Tags: , , , , , , , , , , , , , , , , , , , , , , , , , , , , ,

Mozambique by the road less, less traveled

Hello world,

It’s been awhile but have no fear – another dusty foot philosopher is back in February with some photos and tales from December/January’s overland travels down to Mozambique!

I wanted an adventure and I found it

This trip undertaken, with roommate Zach over a 10 day Christmas holiday break, took us down from Dar es Salaam into northern Mozambique  - a known route but one not often taken. I had spent most of the first four months back in Tanzania sticking around Dar on the weekends and generally falling into a rythym and normality of life. I was itching it get away from that so we went out seeking a good adventure and found it.

Will try to capture some of that 3 day adventure getting down there in this quick summary. I’m conscious of those out-do each other travel stories so will try not to do that but just tell a fun story! “oh yeah…you think that sounds crazy? I once traveled through {insert little known African country} on $1USD per day,  riding an near extinct species of camel, in the middle of the civil war, sick with malaria and cholera, and with only a toothbrush, a pack of gum, and my wits to survive”.

On the road again

Day 1 had us leave Dar early Christmas eve morning on a bus headed down to the very south of Tanzania -Mtwara. With no tickets purchased ahead of time (apparently a bad idea on one of the bigger travel days of the year) we had to pay extra (count the times this happens with me –  #1!)and squeeze ourselves onto one of the few buses headed down to Mtwara. 12 hours in the hot sun on bumpy roads, kids on laps, and greasy fries and the trip was off to a good start.

We made it into lovely Mikandani, a small old town just outside of Mtwara at dusk and spent Christmas eve at a lovely dive centre eating a good meal with tons of red-faced British men working out on the natural gas rigs off the coast. Mikandani is a beautiful little historic town – used to be a Arab swahili trading centre back in the day and had quite a bit of charm to it and was quite nice to explore -highly recommend it!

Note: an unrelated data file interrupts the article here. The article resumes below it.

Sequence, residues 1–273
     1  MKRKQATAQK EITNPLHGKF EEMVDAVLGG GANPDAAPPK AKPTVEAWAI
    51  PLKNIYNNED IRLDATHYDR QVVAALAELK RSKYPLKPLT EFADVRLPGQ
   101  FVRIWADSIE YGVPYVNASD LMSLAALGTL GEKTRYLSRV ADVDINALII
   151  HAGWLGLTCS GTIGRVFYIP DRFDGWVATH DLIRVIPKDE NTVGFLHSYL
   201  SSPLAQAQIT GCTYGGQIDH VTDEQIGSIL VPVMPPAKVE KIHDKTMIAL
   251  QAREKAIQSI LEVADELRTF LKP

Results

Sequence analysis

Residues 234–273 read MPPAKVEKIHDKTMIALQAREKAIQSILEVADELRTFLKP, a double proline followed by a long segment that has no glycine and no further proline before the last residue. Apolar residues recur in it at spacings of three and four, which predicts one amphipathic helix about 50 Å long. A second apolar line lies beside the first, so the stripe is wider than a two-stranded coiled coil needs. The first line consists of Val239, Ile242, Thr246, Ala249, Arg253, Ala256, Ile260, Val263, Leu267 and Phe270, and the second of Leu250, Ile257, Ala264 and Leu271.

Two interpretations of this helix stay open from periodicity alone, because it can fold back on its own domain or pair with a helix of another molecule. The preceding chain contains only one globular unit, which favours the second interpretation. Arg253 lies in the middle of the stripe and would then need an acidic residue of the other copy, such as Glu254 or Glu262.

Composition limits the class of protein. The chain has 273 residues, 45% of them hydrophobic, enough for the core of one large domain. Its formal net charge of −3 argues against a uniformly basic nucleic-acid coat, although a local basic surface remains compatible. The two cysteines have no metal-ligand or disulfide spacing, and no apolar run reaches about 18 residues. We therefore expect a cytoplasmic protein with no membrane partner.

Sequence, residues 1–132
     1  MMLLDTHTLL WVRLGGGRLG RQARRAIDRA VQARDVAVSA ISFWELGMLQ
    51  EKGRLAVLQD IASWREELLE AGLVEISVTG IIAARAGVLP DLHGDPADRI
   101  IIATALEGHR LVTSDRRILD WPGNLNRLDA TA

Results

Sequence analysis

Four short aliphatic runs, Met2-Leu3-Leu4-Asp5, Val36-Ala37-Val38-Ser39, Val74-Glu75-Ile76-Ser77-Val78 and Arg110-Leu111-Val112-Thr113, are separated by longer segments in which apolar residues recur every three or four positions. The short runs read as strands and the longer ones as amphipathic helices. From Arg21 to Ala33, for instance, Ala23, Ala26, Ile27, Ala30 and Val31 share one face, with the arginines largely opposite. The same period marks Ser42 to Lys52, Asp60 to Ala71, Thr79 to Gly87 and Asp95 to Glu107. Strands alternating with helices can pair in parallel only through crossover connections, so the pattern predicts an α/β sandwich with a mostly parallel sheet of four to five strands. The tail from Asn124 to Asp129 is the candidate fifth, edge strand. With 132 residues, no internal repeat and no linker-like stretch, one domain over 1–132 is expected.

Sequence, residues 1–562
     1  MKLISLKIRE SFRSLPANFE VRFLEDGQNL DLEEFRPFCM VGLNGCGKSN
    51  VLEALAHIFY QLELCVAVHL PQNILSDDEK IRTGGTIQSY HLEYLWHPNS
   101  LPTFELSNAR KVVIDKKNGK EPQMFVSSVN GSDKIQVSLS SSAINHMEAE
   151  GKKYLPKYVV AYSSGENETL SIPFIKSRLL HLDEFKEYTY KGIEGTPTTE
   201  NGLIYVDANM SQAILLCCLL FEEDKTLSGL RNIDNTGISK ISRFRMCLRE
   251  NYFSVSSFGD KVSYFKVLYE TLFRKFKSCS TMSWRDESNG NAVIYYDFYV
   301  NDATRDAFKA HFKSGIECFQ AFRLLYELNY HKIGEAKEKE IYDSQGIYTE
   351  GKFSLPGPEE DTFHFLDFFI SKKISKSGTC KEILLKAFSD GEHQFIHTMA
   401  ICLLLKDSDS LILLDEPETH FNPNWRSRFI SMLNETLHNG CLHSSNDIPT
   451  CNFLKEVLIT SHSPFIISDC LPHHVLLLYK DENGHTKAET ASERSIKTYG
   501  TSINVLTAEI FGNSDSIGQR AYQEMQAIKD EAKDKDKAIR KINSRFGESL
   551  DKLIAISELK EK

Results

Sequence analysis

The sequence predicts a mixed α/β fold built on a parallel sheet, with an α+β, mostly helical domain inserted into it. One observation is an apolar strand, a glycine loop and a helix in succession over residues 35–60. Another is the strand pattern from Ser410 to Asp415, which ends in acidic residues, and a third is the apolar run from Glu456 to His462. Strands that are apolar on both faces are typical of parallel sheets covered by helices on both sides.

Early Christmas day morning we were off to the Ruvuma River which marks the border between Tanzania and Mozambique. This was the big unknown part of the trip -I’d done some reading online and from others accounts it seemed as though it was possible to do – although it had got quite a bit more difficult since the ferry sank 3 years ago. Read in the hostel the night before crossing that this was one of Africa’s least used border crossings and the river was filled with hippos and crocodiles – oh my!

The mini-bus down to the river took about an hour and being our only option to get there ended up being one of the more expensive dalla-dalla rides in TZ history (#2!). A quick  price was agreed and from there we hopped in a row boat with our bags and we were on our way being paddled across the wide Ruvuma. Did you cringe when I said ‘a quick price was agreed”? Yeah, unfortunately you weren’t there at the time to give us that warning.

Needless to say, the currency of the transaction changed once we were in the middle of the river and theres not much you can do when they stop the boat in the middle of the river, hippos about 30 meters away on either side, and demand payment.  For those of you counting at home…that’s #3.

Once we got the price to a respectable compromise and were safely to the other side – we faced another similar situation. One lone transport option to get you from A to B – they name the price and you can only negotiate so much so you pay your “stranded mzungu tax” (#4!) and be on your way or end up stranded in the middle of nowhere. I was hoping to see some elephants and maybe a lion out here in the bush as I had read there were some large wild animal populations out here – but unluckily (some might say luckily) didn’t end up coming across any.

After bumping along on these sand and red dirt roads on this afternoon I truly earned the “dusty” in this blog title – covered in a thick layer of dirt and grime. Fun ride overall though and we were in high spirits. We pulled into the town of Mocímboa da Praia that night and found a sketchy bus station place to crash for a few hours.